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nil carborundum est

Latin translation: nil carborundum illigitium

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12:37 Aug 25, 2002
Latin to Latin translations [Non-PRO]
Latin term or phrase: nil carborundum est
no info on how the term is used
Julie
Latin translation:nil carborundum illigitium
Explanation:
or Illegitimus Non Carborundum
is how it is normally phrased. It means
"Don't let the bastards get you down".

It was inscribed, most famously, on a bracelet or watch, given by a businessman (can't remember his name) to a Conservative MP - one of the ones involved in the various corruption scandals / cash for questions affairs in the 1990s - when said MP was being questioned over his allegedly crooked dealings with the said businessman.




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Note added at 2002-08-25 13:59:59 (GMT)
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Eva is right in saying that this is mock Latin or \"dog Latin\".

Below is a neat little treatise on the phrases possible origins - credit to one Terrence Lockyer, who suggests that it is a sideways derivation from Horace\'s nil disperandum:

http://omega.cohums.ohio-state.edu:8080/hyper-lists/classics...

\"The best suggestion I have seen for the origin of the dog-latin \'don\'t let the bastards grind you down\' is recorded in (though surely not original with) the paperback second edition of *Brewer\'s Dictionary of 20th-Century Phrase and Fable* (London : Cassell 1994), pp. 431-2, thus: \"*nil carborundum* or *illegitimi nil carborundum* A mock-Latin catchphrase meaing \'don\'t let the bastards grind you down\'. \'Carborundum\' is the tradename for an extremely hard form of silicon carbide used to make grinding wheels. The phrase nil carborundum, which was used by Henry Livings in 1962 for the title of a play, is an echo of the Latin tag from Horace\'s *Carmen*, *nil desperandum*, meaning never say die, despair of nothing. The catchphrase was widely used by the US General VINEGAR JOE Stilwell during World War II.\"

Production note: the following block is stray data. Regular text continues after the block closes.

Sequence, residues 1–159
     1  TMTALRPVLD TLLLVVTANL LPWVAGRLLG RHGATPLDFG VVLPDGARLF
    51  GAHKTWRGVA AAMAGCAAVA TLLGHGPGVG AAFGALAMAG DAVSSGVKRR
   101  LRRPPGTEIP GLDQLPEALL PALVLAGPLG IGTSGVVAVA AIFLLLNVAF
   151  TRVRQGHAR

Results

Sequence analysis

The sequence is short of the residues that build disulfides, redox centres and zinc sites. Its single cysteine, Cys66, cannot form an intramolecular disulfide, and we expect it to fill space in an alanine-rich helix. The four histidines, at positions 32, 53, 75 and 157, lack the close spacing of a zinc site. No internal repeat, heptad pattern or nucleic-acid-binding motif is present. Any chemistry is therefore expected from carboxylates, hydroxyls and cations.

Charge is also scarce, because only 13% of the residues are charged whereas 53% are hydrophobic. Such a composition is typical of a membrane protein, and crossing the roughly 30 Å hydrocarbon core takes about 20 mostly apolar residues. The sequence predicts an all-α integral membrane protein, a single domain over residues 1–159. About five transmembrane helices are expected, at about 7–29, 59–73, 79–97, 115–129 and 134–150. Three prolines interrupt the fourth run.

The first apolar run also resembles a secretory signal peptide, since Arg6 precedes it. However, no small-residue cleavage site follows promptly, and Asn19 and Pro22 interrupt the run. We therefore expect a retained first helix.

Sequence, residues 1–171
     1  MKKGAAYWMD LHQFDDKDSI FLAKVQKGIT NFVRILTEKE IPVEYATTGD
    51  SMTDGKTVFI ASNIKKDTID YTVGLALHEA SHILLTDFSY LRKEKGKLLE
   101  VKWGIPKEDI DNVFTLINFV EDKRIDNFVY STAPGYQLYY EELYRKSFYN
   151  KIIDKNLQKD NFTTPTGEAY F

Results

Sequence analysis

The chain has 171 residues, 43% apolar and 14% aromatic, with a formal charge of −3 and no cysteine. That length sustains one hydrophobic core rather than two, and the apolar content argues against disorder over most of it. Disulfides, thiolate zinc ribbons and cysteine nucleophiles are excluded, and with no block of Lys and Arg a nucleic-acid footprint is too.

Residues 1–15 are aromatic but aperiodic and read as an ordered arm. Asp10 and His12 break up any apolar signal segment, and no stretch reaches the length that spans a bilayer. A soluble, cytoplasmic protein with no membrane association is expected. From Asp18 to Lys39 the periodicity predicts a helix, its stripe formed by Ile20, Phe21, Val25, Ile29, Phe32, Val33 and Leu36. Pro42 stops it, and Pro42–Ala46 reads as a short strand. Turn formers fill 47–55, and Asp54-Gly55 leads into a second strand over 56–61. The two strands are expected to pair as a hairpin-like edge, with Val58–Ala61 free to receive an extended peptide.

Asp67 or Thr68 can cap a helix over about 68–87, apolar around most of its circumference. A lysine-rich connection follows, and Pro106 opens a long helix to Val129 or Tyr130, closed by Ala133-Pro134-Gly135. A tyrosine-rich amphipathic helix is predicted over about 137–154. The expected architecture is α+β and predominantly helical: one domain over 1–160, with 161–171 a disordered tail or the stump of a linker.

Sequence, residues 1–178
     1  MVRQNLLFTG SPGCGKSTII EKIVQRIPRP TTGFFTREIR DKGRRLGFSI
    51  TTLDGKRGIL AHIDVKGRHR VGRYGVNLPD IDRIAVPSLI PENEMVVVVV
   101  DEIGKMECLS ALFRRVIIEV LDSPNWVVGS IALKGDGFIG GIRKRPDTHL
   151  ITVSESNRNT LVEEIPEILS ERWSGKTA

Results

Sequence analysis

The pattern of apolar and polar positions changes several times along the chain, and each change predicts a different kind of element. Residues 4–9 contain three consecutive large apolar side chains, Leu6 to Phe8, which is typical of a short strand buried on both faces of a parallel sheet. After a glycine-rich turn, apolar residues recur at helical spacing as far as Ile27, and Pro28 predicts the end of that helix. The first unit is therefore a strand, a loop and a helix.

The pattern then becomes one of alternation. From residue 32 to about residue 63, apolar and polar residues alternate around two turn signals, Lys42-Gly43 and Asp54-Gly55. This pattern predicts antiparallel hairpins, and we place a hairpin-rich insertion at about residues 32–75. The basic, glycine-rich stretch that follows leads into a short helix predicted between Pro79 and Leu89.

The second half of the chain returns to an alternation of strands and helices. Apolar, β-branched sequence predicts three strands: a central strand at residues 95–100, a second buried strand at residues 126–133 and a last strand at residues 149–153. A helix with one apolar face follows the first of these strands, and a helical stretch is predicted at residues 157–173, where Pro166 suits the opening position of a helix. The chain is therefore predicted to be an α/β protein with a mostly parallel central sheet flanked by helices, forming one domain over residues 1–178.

The Horace is *Odes* 1.7.27. I especially like this explanation because it starts with a plausible Latin original given a twist (and a grammatically sound one, if \'carborundum\' were a real gerundive), and then moving further away with use.

The phrase is mentioned also (but in even less grammatical form) in Nigel Rees, *Sayings of the Century* (London and Sydney : Unwin 1987), pp. 53-4, as follows: \"The cod-Latin phrase Illegitimi non carborundum for \'Don\'t let the bastards grind you down\' was used by General \'Vinegar Joe\' Stilwell as his motto during the Second World War, though it is not suggested he devised it. Partridge gave it as \'Illegitimis\' and its origins in British army Intelligence very early on in the war. \'Carborundum\' is the trade name for a very hard substance called silicon carbide, used in grinding.\"



Selected response from:

Libero_Lang_Lab
United Kingdom
Local time: 04:56
Grading comment
4 KudoZ points were awarded for this answer

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Summary of answers provided
5 +1nil carborundum illigitium
Libero_Lang_Lab
4 +1nobody will beat me (pseudo-Latin)
Eva Blanar


  

Answers


24 mins   confidence: Answerer confidence 5/5 peer agreement (net): +1
nil carborundum illigitium


Explanation:
or Illegitimus Non Carborundum
is how it is normally phrased. It means
"Don't let the bastards get you down".